As far as schooling goes for high IQ people, this is an argument I've had with friends in education. There were a few teachers in my high school that made honors classes enjoyable and not simply a form of punishment for being a good student. They would also set up independent study programs and truly mentor people if they had something they wanted to pursue. My argument is that you need to allow teachers to have the time and resources to help out the smart but easily bored students. If you do not, those kids end up hating school and have to do most of their learning on their own. That can sometimes breed resentment. In the big education system, however, helping high IQ students does not really play into the numbers game. It has been shown time and time again that the most effective way to improve a school's overall report card is to focus on the low achieving students. You'll help your average a lot more that way than concentrating on the high IQ students. In terms of standardized tests, there is something of a ceiling effect going on with the high IQ students but plenty of room to improve with the poor performers. I do think the low achieving students need substantial help and it makes sense to put some resources that way, but it seems a crying shame that some of the real "talent" gets the equivalent of a hearty handshake and a "good luck" wish.

Despite all of that, it seems the U.S. still performs relatively well on producing actual practitioners of science, math, and technology. It's in the overall averages that we fall behind (as discussed in the linked article below). I think that speaks to the individualistic focus of education in the U.S.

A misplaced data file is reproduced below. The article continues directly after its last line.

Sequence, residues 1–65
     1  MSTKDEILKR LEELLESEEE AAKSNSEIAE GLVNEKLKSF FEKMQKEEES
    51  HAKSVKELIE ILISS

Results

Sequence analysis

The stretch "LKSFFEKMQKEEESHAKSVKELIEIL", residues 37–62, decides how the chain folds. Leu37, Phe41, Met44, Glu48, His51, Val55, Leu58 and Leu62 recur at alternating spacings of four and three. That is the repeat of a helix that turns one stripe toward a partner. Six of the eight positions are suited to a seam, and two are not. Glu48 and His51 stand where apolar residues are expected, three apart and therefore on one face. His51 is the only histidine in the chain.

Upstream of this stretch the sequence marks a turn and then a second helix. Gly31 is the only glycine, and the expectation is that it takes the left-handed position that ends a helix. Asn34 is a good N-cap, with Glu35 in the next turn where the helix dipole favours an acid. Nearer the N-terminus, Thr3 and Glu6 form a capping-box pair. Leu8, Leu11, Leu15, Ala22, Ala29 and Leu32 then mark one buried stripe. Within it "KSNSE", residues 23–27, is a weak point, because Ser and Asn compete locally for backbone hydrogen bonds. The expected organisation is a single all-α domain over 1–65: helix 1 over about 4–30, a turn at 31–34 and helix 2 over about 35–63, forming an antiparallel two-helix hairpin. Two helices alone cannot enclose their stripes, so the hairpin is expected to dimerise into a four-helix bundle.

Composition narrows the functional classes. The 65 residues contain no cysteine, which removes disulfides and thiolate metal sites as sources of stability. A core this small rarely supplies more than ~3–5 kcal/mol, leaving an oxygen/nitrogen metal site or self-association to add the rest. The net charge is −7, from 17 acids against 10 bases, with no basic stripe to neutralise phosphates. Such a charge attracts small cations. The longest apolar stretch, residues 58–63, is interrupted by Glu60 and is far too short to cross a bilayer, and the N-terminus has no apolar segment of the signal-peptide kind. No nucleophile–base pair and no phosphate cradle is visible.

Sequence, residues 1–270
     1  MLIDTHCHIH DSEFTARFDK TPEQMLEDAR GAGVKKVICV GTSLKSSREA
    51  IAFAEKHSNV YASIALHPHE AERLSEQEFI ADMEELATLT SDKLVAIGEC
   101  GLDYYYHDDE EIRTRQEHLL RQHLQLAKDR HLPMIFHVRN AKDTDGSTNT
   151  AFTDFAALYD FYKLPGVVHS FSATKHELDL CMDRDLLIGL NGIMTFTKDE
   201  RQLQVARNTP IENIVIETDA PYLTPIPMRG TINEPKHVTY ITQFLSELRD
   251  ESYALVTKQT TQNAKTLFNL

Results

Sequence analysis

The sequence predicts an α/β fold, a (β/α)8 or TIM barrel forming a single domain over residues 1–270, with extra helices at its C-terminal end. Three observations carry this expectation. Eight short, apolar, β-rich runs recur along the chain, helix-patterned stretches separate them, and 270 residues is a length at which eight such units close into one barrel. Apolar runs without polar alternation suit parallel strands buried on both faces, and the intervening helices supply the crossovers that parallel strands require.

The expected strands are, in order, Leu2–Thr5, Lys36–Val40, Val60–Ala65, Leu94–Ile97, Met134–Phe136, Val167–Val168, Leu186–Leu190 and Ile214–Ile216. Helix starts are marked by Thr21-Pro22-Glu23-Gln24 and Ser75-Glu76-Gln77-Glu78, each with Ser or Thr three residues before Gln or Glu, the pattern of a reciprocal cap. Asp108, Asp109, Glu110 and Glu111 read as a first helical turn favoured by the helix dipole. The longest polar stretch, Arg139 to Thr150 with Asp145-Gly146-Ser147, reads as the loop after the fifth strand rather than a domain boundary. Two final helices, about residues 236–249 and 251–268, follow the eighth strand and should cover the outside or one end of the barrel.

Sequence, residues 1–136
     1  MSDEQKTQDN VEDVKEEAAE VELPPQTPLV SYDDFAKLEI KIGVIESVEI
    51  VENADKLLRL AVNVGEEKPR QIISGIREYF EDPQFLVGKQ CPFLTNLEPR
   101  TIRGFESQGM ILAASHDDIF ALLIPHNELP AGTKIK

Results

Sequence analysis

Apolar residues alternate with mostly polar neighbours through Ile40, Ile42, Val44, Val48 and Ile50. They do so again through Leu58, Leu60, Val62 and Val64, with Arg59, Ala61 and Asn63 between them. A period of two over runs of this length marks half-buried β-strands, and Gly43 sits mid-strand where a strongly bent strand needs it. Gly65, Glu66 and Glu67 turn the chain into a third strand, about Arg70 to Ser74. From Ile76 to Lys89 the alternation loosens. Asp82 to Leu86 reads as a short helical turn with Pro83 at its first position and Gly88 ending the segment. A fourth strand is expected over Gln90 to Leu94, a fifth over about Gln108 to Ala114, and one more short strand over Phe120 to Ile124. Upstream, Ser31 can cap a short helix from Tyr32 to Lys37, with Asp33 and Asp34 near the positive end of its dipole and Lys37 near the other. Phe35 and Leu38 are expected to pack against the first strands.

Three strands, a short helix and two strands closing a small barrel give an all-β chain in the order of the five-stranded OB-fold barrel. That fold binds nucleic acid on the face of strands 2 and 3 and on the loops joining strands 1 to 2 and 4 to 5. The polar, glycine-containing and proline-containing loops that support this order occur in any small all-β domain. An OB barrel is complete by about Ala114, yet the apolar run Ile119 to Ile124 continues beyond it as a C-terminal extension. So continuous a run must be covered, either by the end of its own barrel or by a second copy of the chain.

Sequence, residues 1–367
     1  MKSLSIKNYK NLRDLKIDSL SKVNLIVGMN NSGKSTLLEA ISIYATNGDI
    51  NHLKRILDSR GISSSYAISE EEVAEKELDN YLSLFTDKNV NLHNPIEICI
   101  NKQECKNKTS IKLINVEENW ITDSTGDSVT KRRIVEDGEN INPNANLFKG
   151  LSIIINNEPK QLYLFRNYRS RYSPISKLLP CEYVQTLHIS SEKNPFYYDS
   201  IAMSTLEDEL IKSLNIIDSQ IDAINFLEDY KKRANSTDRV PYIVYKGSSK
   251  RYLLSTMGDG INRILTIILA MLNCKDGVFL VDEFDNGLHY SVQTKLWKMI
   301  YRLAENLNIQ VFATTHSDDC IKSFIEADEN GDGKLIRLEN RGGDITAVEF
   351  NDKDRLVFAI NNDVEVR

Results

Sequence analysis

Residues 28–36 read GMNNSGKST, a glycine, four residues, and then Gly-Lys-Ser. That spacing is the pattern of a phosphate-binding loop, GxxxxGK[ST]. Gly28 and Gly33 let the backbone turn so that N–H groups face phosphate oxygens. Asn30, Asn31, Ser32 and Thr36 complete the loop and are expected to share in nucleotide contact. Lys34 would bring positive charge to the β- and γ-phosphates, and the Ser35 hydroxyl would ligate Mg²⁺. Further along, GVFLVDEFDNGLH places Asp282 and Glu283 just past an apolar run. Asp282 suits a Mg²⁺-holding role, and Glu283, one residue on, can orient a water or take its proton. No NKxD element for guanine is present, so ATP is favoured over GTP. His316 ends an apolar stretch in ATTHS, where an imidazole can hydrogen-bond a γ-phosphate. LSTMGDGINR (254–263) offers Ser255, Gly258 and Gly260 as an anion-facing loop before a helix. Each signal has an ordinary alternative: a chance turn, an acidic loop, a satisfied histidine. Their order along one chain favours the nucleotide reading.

http://science.discovery.com/stories/week/us-talen...




Sounds picky but...
By BSquared on 7/8/2010 4:21:48 PM , Rating: 2
Judging by some of the commentary, we're assuming that IQ is the only thing they're looking at during hiring.

IQ may not be the end all when it comes to real world skill, but it seems they like their employees to be not only skillful, but be able to handle more than just the task at hand. Having a high IQ may provide for more robust thinking, rather than the straight forward process taught in school.

So if you look at from the point where they want their work force to not only have the education, experience, and skills, but they want them to have the "smarts" to go along with it, you really can't fault them. I mean, just about everyone I knew jumped into the computer science curriculum back when dotcom was all the rage. Many who were dumber than a box of rocks actually graduated, and are now destroying corporate software because they could BS their way around the suits who knew nothing of what was happening.

Besides, if they've lowered their IQ standards for US applicants, maybe they're saying our lower IQ, combined with stateside education, trumps Chinese education and a 140+ IQ. Heh...at least that's how I initially saw it.




Pay disparity
By gentlearc on 7/28/2010 2:04:44 PM , Rating: 2
They gave no indication of what the pay or job conditions were. What is the starting pay for a graduate? I'm guessing not enough to attract Americans.




"Nowadays you can buy a CPU cheaper than the CPU fan." -- Unnamed AMD executive